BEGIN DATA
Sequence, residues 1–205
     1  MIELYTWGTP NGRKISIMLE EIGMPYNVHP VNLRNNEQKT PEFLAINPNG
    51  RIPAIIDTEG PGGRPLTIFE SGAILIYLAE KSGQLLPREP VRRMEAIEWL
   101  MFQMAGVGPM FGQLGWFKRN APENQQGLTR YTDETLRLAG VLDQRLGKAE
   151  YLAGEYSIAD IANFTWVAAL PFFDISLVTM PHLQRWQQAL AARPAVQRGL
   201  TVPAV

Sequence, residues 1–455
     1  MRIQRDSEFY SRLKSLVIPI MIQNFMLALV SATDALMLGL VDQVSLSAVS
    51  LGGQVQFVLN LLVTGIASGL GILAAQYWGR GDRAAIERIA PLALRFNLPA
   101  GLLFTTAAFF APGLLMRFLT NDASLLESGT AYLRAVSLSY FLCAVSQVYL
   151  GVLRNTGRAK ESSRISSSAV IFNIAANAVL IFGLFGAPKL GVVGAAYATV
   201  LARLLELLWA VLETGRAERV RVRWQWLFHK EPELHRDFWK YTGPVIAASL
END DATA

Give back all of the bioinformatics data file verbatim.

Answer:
Sequence, residues 1–205
     1  MIELYTWGTP NGRKISIMLE EIGMPYNVHP VNLRNNEQKT PEFLAINPNG
    51  RIPAIIDTEG PGGRPLTIFE SGAILIYLAE KSGQLLPREP VRRMEAIEWL
   101  MFQMAGVGPM FGQLGWFKRN APENQQGLTR YTDETLRLAG VLDQRLGKAE
   151  YLAGEYSIAD IANFTWVAAL PFFDISLVTM PHLQRWQQAL AARPAVQRGL
   201  TVPAV

Sequence, residues 1–455
     1  MRIQRDSEFY SRLKSLVIPI MIQNFMLALV SATDALMLGL VDQVSLSAVS
    51  LGGQVQFVLN LLVTGIASGL GILAAQYWGR GDRAAIERIA PLALRFNLPA
   101  GLLFTTAAFF APGLLMRFLT NDASLLESGT AYLRAVSLSY FLCAVSQVYL
   151  GVLRNTGRAK ESSRISSSAV IFNIAANAVL IFGLFGAPKL GVVGAAYATV
   201  LARLLELLWA VLETGRAERV RVRWQWLFHK EPELHRDFWK YTGPVIAASL